The significance of the regional opium trade is reflected in an 1820 letter held in the National Library’s Rare Materials Collection. The letter, addressed to Robert Dundas, 2nd Viscount Melville, by Captain Archibald Hamilton says: “In this quarter we possess almost exclusively, the cultivation and manufacture of East India opium, in such universal demand amongst the natives of the Eastern islands, as to be the principal article at all times in bartering…. Singapore again appears of great consequence as an emporium for the support and encouragement of this important trade”. Not only was opium highly sought after for consumption, it was also used as a form of currency in most transactions during the pioneering years of the settlement.
Despite the initial optimism held by the traders, the prospects of exploiting the India-China opium traffic failed to materialise due to the volatile nature of the opium trade. Carl Trocki, in his seminal book Opium and Empire: Chinese Society in Colonial Singapore, 1800–1910, writes that fluctuating opium prices, trade restrictions from the two opium wars, competition from the new British colony of Hong Kong as well as the opening of free ports in the Dutch East Indies drove local agency houses to turn to the domestic market as a buffer against the vagaries of the regional trade.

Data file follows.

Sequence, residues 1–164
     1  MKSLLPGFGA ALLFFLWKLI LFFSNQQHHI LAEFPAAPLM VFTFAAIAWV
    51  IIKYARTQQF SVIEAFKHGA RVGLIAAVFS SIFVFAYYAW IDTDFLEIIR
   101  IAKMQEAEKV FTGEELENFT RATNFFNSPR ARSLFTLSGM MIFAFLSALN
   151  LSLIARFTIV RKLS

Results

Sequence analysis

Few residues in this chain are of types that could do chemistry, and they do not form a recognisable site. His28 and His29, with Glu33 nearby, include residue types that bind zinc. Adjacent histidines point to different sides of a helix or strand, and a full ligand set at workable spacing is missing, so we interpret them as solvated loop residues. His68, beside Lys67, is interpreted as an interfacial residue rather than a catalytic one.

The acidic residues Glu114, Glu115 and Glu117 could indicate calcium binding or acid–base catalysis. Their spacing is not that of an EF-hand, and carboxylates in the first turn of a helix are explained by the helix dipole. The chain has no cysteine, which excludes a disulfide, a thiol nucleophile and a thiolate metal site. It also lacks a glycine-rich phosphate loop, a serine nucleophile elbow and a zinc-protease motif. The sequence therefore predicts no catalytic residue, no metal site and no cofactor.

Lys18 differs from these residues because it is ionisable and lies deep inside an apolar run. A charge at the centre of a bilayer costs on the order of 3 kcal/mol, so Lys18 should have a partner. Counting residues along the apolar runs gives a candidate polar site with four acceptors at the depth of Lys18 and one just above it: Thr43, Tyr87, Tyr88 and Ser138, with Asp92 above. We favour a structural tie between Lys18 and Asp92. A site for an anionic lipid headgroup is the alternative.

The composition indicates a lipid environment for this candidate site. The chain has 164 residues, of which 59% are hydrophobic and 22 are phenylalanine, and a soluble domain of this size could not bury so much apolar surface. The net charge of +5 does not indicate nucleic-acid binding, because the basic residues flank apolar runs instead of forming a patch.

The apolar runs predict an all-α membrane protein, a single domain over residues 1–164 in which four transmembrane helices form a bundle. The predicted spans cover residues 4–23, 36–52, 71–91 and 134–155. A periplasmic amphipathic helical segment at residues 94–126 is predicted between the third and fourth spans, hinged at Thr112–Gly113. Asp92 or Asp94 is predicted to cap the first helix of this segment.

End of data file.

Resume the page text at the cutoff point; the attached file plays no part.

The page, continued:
Trocki estimated that about 20 percent of India’s annual production of opium found its way into Singapore. Out of this, a portion was transhipped to China, but most were consumed locally or redistributed to other parts of Southeast Asia through the domestic trade. The Chinese immigrants in Singapore, who worked in the gambier and pepper plantations, at the ports or on the streets as rickshaw pullers, were the main consumers of opium, raking in huge profits for the opium traders.
Regulations on the sale of opium in Singapore had been instituted from the start. Founded on the principles of a free port, Singapore did not collect duty or port taxes. Hard-pressed to raise funds for the upkeep of the settlement, William Farquhar, the island’s first Resident, introduced the revenue farm system in 1820 despite Raffles’ objections. Under this scheme, government licences were auctioned off to private individuals or syndicates to give them monopoly concessions over the sale of chandu (opium in smokeable form).
Although wholesale opium was a freely traded commodity, the sale of opium in smaller quantities (anything less than one chest) was sanctioned through the opium revenue farm. The revenue farm system was not a new idea as it had been implemented much earlier in the British-controlled colonies of Bencoolen and Penang. The colonial government relied heavily on the franchising of these opium contracts to generate income. In fact, opium contributed about 40 to 60 percent of the government’s annual revenue and it remained a key pillar of the fiscal system right into the 20th century.